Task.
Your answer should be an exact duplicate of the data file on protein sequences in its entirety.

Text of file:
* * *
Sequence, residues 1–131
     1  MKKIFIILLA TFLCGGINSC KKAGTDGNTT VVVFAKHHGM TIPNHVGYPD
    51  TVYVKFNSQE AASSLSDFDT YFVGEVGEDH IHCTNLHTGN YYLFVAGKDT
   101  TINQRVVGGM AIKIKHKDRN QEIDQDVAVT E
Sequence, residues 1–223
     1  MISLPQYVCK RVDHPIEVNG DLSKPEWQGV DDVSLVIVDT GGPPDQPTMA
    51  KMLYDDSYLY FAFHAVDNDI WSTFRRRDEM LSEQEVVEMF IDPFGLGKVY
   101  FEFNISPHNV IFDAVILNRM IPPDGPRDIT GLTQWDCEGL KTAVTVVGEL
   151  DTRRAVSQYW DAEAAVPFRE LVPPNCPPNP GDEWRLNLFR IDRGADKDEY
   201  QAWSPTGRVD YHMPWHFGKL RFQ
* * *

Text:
Sequence, residues 1–131
     1  MKKIFIILLA TFLCGGINSC KKAGTDGNTT VVVFAKHHGM TIPNHVGYPD
    51  TVYVKFNSQE AASSLSDFDT YFVGEVGEDH IHCTNLHTGN YYLFVAGKDT
   101  TINQRVVGGM AIKIKHKDRN QEIDQDVAVT E
Sequence, residues 1–223
     1  MISLPQYVCK RVDHPIEVNG DLSKPEWQGV DDVSLVIVDT GGPPDQPTMA
    51  KMLYDDSYLY FAFHAVDNDI WSTFRRRDEM LSEQEVVEMF IDPFGLGKVY
   101  FEFNISPHNV IFDAVILNRM IPPDGPRDIT GLTQWDCEGL KTAVTVVGEL
   151  DTRRAVSQYW DAEAAVPFRE LVPPNCPPNP GDEWRLNLFR IDRGADKDEY
   201  QAWSPTGRVD YHMPWHFGKL RFQ